• No. If you offer to rehire an employee, the employee is generally excluded from the loan forgiveness reduction calculation if they reject the offer. This exclusion is also available if the business previously reduced an employee's hours and the employee rejects an offer to restore that employee’s hours at the same salary or wages. To qualify for this exception, your small business must have made a good faith, written offer to rehire the employee, for the same salary or wages and same number of hours, that the employees rejects. Your small business must also document the employee’s rejection of the offer and inform the applicable state unemployment office of the employee's rejection of the offer within 30 days of rejection. There are also exceptions to loan forgiveness reductions if, for example, your business can document an inability to (i) replace departing employees with similarly qualified employees or (ii) return to the same level of business activity it had on February 15, 2020, due to compliance with federal COVID-19 health and safety guidelines. (Sources: Interim Final Rule on Business Loan Program Temporary Changes effective May 28, 2020; Paycheck Protection Flexibility Act, June 5, 2020.)

  • No. In general, loan proceeds are not considered taxable income to the borrower. 

  • Ordinarily, forgiveness or cancellation of a loan can result in federal taxable income for the borrower, unless one of several exceptions applies. The CARES Act creates a new exception for PPP loans. After applying the other available exclusions, a business can exclude any remaining amount of PPP forgiveness from their federal gross income. Note that the CARES Act applies only to federal income taxes. While many states will mirror the federal rule, PPP loan forgiveness may be subject to income tax in some states. (IRS Notice 2020-32)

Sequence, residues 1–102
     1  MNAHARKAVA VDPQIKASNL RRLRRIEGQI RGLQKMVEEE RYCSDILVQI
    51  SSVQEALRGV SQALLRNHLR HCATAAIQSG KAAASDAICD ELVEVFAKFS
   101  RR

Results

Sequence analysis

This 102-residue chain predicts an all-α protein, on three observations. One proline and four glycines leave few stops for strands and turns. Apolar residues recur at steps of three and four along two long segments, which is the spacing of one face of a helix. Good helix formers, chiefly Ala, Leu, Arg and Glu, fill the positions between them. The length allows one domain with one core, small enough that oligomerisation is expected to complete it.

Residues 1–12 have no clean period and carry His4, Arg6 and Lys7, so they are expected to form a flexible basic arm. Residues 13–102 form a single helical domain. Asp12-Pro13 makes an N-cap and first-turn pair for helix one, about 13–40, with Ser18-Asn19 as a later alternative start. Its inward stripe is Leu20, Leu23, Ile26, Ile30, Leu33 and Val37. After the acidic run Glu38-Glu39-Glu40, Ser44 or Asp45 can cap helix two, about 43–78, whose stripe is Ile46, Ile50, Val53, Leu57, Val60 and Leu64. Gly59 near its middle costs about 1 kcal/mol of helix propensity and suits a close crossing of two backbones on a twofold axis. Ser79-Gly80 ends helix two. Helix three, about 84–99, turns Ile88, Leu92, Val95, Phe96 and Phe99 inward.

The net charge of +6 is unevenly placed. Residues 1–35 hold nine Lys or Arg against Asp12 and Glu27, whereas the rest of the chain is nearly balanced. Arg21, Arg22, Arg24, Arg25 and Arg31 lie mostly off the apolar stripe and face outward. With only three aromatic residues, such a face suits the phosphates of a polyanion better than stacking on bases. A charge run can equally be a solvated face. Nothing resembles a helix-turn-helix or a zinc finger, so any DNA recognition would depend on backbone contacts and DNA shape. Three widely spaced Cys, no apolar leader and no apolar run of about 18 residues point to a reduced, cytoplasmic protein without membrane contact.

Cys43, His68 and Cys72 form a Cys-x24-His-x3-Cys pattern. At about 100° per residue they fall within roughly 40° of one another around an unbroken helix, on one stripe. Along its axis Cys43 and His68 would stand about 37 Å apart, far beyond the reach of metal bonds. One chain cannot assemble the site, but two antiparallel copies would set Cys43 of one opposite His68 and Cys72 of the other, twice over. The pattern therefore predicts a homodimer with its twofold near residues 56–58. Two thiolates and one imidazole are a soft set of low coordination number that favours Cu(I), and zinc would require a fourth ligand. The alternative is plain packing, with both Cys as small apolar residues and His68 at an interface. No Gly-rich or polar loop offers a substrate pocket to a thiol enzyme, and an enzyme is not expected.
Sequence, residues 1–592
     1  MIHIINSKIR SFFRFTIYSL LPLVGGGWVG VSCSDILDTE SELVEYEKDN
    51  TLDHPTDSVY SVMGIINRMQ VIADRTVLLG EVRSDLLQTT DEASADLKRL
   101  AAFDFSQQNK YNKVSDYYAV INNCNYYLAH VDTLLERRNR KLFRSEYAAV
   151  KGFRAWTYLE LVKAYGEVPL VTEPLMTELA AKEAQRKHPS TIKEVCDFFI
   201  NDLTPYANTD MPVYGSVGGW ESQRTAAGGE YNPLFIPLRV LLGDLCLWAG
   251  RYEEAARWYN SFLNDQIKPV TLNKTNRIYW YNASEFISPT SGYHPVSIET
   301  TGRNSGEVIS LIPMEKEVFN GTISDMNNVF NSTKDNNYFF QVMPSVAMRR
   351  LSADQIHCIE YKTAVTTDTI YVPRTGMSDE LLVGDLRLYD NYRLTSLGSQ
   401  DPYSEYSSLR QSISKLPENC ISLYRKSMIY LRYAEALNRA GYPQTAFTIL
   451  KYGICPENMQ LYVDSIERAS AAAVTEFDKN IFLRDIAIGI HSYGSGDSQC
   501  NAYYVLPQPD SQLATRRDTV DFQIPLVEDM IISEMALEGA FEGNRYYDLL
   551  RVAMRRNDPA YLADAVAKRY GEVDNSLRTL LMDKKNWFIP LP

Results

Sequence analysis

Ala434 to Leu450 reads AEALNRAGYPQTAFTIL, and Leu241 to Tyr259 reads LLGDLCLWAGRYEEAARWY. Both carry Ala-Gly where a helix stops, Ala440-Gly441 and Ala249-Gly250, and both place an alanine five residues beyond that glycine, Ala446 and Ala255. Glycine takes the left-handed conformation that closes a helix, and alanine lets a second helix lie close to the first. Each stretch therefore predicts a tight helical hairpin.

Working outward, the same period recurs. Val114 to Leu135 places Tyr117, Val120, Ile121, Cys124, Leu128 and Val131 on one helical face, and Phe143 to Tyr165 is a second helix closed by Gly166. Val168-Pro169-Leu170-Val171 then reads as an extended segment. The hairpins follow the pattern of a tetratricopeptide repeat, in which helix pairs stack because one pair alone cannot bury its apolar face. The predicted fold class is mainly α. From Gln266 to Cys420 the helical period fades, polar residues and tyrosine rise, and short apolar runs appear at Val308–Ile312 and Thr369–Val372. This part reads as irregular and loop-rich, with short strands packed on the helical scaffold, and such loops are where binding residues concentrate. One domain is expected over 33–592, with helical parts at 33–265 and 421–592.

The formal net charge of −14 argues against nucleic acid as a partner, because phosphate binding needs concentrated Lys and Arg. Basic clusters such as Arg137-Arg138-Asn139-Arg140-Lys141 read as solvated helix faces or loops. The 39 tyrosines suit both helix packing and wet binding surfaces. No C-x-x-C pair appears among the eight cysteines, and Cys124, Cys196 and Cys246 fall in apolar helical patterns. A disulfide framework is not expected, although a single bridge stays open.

•  No, to the extent the loan is forgiven. According to IRS guidance released on April 30, 2020, expenses paid with PPP loan proceeds are not deductible if payment of the expense results in forgiveness of any portion of the loan. There has been pushback on this interpretation from the AICPA and some lawmakers. (IRS Notice 2020-32)

  • Payments of interest, principal, and fees on PPP loans are deferred until the amount approved for forgiveness is remitted to your lender. Payment deferral ends 10 months after the end of the covered loan period if your business has not applied for forgiveness by that date. For example, if a business received a PPP loan disbursed on June 25, 2020, the 24-week covered period would end on December 10, 2020. If the business does not submit a loan forgiveness application to its lender by October 10, 2021, it must begin making payments on or after October 10, 2021. (Source: Paycheck Protection Flexibility Act, June 5, 2020; Interim Final Rule on Business Loan Program Temporary Changes; Paycheck Protection Program – Revisions to First Interim Final Rule, June 11, 2020.)

  • Interest continues to accrue during the loan deferment period. If some or all of the loan is forgiven, interest stops accruing on that portion of the loan and any interest that has accrued on the forgiven portion is also forgiven. Interest will continue to apply to any portion of the loan that is not forgiven. Interest paid (or accrued, depending on your business’ accounting method) on a PPP loan is generally deductible for federal income tax purposes, but other limitations may apply depending on the specific facts and circumstances of your business. (Interim Final Rule on Business Loan Program Temporary Changes; Paycheck Protection Program – Revisions to First Interim Final Rule, June 11, 2020)

  • If your business receives a PPP loan, it can impact eligibility for other relief. For example, a business that receives a PPP loan is not eligible for the Employee Retention Credit, even if the business does not request forgiveness and ultimately repays the loan. (An exception applies to businesses that repaid their loans by May 18, 2020.) If your business is planning to claim new credits for COVID-19 paid sick or family leave, be aware that you cannot claim these credits for wages paid using PPP funds. The CARES Act also allows employers to defer deposits and payments of the 6.2% employer share of social security tax for 1-2 years. Under the PPP Flexibility Act, a business is still eligible for this payroll tax deferral even after it is granted PPP loan forgiveness.

Last Updated: 7/7/2020

Additional resources

This page was created by Thomson Reuters legal and tax experts to assist your small business. For further in-depth coverage, access free COVID materials via the following Thomson Reuters platforms.